Why we still need Pride

Pride is something we talk about every year, but I feel I’ve seen increasing negativity towards the month. Maybe it’s because I’m a chronically online student journalist, but seeing people harass student activists online and turn on companies promoting LGBTQ+ inclusion seems to send a message of decreasing acceptance.

If anything, it shows why the celebration is needed now more than ever.

The UK first celebrated Pride in 1972 to commemorate the 1969 Stonewall riots, which stood up to police raids of gay and lesbian bars in New York. This uprising inspired the formation of branches of the Gay Liberation Front internationally, including the London branch which first met in 1970. They were key in organising the 1972 march, with around 2,000 attendees. Last year’s event, 50 years after its first, had over a million.

Legal advances accompany this social progress, from the Sexual Offences Act 1967 decriminalising homosexuality to the Marriage (Same-Sex Couples) Act 2013 allowing same-sex couples to get married. Trans people were also granted full legal recognition of their gender in the Gender Recognition Act 2004.

These basic rights boosted the UK’s position in the annual Rainbow Map, which records how LGBTQ-friendly European countries are. Up until 2015, the UK was considered the best in Europe, but has dropped to 17th this year. Such a downfall is rooted in increasing hate crime figures, the failure to ban conversion therapy, and anti-trans rhetoric.

Oxford has recently been the centre of the media’s anti-trans narrative during the protests at the Union opposing Dr Kathleen Stock’s invitation. As a gender-critical lesbian and trustee of the LGB Alliance, Stock represents what I see as the unfortunate fracturing of the LGBTQ+ community in this toxic “debate”. Whether the split is generational or ideological, the lack of unity loses the core values of the LGBTQ+ movement.

Being at the protests was what sealed how I felt towards the controversy: trans joy conquers any theoretical debate. Pride is not about a philosophical conclusion to the meaning of human existence, it’s about the rights of a marginalised group. Hosting a debate on the identity of a group of people is humiliating, with Stock maintaining that it is fiction to claim “transwomen are women”.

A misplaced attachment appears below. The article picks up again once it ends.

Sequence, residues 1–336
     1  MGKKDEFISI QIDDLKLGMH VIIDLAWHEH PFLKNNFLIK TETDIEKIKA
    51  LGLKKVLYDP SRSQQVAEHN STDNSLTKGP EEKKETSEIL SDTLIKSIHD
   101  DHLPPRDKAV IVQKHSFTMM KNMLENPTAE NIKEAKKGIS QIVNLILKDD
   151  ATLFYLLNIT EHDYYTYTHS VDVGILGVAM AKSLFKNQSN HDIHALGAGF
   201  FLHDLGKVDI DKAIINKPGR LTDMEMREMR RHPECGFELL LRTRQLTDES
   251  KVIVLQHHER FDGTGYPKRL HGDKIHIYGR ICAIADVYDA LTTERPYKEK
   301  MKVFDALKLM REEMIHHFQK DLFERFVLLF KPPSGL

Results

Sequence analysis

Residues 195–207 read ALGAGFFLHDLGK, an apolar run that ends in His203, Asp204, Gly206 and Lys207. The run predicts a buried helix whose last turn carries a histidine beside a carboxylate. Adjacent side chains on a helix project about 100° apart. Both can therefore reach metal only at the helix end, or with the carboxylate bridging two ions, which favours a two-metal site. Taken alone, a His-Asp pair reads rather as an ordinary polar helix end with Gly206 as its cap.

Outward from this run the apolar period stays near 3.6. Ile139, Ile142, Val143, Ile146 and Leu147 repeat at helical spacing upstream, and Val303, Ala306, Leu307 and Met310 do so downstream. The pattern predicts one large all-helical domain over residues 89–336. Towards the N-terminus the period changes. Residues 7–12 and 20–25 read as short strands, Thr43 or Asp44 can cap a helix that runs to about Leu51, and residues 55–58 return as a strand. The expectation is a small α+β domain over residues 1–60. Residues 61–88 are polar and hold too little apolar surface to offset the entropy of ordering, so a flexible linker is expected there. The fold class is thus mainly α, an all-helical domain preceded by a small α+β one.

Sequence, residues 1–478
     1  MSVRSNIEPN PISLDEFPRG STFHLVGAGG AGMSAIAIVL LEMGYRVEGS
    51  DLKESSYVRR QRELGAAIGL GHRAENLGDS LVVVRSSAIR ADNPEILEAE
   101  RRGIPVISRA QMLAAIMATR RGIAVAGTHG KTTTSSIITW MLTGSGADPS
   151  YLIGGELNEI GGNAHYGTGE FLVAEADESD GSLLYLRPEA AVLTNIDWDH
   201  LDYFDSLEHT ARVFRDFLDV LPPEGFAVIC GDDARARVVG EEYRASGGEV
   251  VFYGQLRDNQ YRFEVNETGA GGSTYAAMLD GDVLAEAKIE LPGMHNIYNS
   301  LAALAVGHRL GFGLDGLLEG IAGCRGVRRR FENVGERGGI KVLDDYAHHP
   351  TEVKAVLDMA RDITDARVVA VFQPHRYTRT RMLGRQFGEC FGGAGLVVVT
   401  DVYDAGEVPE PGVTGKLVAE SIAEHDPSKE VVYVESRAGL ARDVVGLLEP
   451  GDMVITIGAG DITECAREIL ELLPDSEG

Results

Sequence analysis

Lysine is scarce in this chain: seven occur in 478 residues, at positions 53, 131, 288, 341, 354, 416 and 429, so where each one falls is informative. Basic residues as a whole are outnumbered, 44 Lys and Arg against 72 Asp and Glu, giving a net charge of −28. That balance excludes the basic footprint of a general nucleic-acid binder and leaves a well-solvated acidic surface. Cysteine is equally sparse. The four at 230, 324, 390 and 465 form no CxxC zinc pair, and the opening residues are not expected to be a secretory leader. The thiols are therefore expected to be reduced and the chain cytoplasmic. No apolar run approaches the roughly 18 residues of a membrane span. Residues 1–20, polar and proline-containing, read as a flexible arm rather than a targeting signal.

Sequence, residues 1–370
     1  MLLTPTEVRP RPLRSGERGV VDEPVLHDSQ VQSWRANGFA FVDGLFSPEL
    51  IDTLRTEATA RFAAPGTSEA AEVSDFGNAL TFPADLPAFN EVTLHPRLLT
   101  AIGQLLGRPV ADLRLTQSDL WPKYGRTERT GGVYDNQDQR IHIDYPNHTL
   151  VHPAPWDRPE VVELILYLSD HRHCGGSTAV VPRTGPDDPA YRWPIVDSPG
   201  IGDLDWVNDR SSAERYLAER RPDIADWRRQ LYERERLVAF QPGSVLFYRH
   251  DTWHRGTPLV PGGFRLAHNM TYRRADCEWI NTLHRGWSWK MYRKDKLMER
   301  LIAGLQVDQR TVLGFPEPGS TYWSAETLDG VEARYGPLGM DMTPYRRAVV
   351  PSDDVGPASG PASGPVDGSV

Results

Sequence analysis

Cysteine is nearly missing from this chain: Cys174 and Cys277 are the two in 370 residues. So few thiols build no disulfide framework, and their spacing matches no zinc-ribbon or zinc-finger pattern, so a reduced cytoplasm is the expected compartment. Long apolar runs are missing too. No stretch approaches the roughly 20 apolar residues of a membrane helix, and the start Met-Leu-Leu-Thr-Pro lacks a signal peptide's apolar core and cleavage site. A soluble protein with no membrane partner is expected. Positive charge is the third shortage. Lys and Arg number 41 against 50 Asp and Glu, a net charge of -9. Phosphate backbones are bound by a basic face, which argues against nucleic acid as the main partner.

Before you accuse me of putting “free speech in peril” as The Telegraph would, I do appreciate the need for discussion in this area. The panel “Between Free Speech and Hate Speech” hosted by the OULGBTQ+ society raised how Trans+ Pride protests actually increased the profile of the dialogue. Dr Clara Baker asked of the backlash “Is it that you want debate or discussion, or that you’re not getting the answers that you want?”.

The recent Oriel speaker event “Conflicting compassion: diversity in gender and sexuality in the modern world” featuring Abigail Thorn from Philosophy Tube and the Rt Revd Dr Steven Croft exemplified what this conversation should be. Topics of how faith, sport, and other aspects of community can adjust to the LGBTQ+ were had with kindness and respect.

Thorn also raised how when the community faces injustice, attackers don’t stop to ask “what letter people fit under”. She expressed it’s better “to bring it back to material conditions”, living in the UK where trans people still lack access to gender-affirming care among other injustices. The event left me with the hope that unity for change is possible.

Another typically toxic element of Pride month is of course rainbow washing, where companies and brands that use LGBTQ+ symbolism without providing real support for the community. This is typically criticised by activists for its superficial nature, appearing as a mere “money grab” using the language and imagery of genuine struggle.

This year the discourse has appeared quite differently, however, as particularly in the US brands have faced significant backlash. Target in particular withdrew its Pride merchandise following harassment against employees. Abandoning even the superficial display of allyship foreshadows even deeper division and discrimination.

In the UK, anti-trans campaigners have recently called out CBeebies for a segment on how some fish can change gender. This was in spite of no mention of trans people, but the BBC stood by the piece under its “Everyone’s Welcome” ethos. Even a British Library tweet on similar fish faced such backlash that the thread was deleted.

Culture wars are not what the LGBTQ+ community needs to fight, but they form part of a country’s psyche. Within this narrative, queer people still face real-life negative impacts from oppositional compaigns. Scotland’s Gender Recognition Bill was blocked by the UK government, US legislatures are passing hundreds of anti-LGBT laws, and 70% of trans people are impacted by transphobia in accessing health services.

Pride is still about celebration in the face of social, cultural, and legal adversity. The value of human dignity remains the same as it was in 1972, and should be fought for with the same passion as those revolutionary roots.